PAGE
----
Rachel Ostrow’s oil-on-panel paintings—which feature kaleidoscopic abstract forms nearly engulfed by pitch-black grounds—evoke two of the most mysterious, enthralling regions of human fascination: outer space and the oceanic abyss. Imagination compensates for what we don’t know about these places, and Ostrow utilizes this magical territory to initiate dynamic relationships between gelatinous marine shapes, cosmic nebulae, concertinaed ridges, and the yawning expanses they inhabit. Wonder and terror, magnetism and apprehension: These forces were key to the mesmerizing visual impact of the nineteen pieces in her solo exhibition, “One More Time With Feeling,” at Planthouse.
The artist, using variously sized squeegees, creates her images with quick gestures, pulling and blending the paint across a very smooth surface, leaving behind raised seams and dramatic shards. Some pieces are concluded in a matter of minutes, while others can take hours. Her scintillating hues and obsidian backdrops are worked simultaneously so that figure and ground merge gracefully into one enigmatic layer (the spaghettified maw at the heart of The Light Fantastic, 2018—accentuated by a visceral swath of red and a long scratch of arctic white—is one such thrilling detail). Textures are enhanced by safflower oil and mineral spirits—when Ostrow drags these media through the paint, she generates light-speed, blistering effects. The glossy finish and fluid marks recall the slick backside of a roiling wave, or perhaps the exhilarating crescendos one succumbs to in opera music. The Suspension of Disbelief, 2017, might have been the most symbiotic work in the exhibition. It read as a blazing, multidimensional galaxy that had been smeared by a rainbow—the whole thing plunged over an earthly scene that could be rock formations or a forest. The atmosphere between the two planes appeared torn, blurring the distinction between one reality and another.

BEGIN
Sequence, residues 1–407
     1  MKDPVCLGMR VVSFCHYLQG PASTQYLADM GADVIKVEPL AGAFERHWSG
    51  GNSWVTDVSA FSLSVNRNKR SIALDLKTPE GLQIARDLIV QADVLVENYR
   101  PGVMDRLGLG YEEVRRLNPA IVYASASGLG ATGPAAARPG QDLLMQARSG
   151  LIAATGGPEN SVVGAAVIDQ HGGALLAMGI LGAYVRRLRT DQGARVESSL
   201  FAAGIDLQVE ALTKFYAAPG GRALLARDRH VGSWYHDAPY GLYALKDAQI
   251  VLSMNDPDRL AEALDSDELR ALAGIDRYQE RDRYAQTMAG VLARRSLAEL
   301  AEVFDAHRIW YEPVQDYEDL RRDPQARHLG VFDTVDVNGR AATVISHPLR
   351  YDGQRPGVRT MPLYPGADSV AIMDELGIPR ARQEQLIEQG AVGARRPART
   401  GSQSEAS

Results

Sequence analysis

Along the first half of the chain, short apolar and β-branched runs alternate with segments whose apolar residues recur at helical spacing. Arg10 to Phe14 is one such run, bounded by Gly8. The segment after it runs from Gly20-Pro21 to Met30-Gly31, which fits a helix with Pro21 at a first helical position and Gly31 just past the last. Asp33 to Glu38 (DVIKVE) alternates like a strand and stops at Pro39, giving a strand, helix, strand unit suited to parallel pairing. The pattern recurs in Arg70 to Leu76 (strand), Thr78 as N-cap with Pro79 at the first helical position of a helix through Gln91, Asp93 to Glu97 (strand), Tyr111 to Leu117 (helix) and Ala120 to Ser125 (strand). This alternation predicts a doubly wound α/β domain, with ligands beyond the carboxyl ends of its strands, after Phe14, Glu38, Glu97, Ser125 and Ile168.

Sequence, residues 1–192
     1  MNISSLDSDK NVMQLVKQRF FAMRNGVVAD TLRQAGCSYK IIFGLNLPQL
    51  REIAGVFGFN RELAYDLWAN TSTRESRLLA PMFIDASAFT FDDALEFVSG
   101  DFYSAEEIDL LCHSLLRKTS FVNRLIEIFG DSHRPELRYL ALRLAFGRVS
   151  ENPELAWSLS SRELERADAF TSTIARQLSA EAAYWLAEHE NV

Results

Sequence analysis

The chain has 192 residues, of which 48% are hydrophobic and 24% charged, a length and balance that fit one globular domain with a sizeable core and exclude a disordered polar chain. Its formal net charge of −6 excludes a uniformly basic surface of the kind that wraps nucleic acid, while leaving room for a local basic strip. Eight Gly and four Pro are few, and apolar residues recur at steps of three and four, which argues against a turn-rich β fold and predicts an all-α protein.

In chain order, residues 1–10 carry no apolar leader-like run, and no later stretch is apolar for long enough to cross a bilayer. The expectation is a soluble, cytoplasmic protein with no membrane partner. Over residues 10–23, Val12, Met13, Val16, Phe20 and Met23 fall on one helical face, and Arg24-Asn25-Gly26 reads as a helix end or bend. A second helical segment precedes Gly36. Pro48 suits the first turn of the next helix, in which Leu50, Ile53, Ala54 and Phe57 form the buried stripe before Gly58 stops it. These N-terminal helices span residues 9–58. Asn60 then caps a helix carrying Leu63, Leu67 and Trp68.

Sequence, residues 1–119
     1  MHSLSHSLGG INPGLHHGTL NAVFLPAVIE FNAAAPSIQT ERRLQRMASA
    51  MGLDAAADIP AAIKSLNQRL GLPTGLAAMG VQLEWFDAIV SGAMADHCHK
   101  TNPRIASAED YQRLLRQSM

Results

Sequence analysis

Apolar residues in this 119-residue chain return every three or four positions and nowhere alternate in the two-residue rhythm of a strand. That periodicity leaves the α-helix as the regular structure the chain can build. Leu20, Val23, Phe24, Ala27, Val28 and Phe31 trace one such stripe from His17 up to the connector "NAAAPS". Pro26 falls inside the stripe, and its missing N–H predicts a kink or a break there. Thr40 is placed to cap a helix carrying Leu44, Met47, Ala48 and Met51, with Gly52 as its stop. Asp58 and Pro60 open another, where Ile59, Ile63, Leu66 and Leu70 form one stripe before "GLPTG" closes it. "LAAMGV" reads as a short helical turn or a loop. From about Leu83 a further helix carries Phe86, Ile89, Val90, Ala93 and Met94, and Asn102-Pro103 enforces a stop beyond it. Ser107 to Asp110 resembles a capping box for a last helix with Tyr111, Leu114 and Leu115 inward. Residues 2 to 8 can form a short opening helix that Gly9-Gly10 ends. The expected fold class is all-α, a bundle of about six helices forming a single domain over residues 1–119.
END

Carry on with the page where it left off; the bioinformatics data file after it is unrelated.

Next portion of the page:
Brevity is a factor in Ostrow’s production. It influences the emotional resonance of her paintings and makes one think that her imagery vanishes into the ether. After all, she gives us only fragmentary glimpses of things that seem no longer extant. Perhaps it’s a moment of fossilized history (see the feathered ligatures of Ideas of an Acrobat, 2017), or a secret divination of tomorrow. Here, the radial, golden arch of Water and Time, 2017, which is suspended over a liquid patch of blue, exemplified this evanescence. Other compositions rose and fell back into obscurity with the sluggish plumery of lava, including the cephalopod-like being of Temptation, 2018, a tableau of aquatic surreality.
A major glitch, however, is that even perfect storms can dissipate. One wonders—despite countless pictorial possibilities and the fruitful mechanics of her formula—if there is, ironically, a limitation to the longevity of artistic return on Ostrow’s process. How does she prevent her rich equilibrium, her marvelously astral subject matter, from devolving into mere assembly? For now, at least, Ostrow achieves a kind of gravitational lensing, bending light and warping space-time with paint. How her experimentation will develop is another great unknown.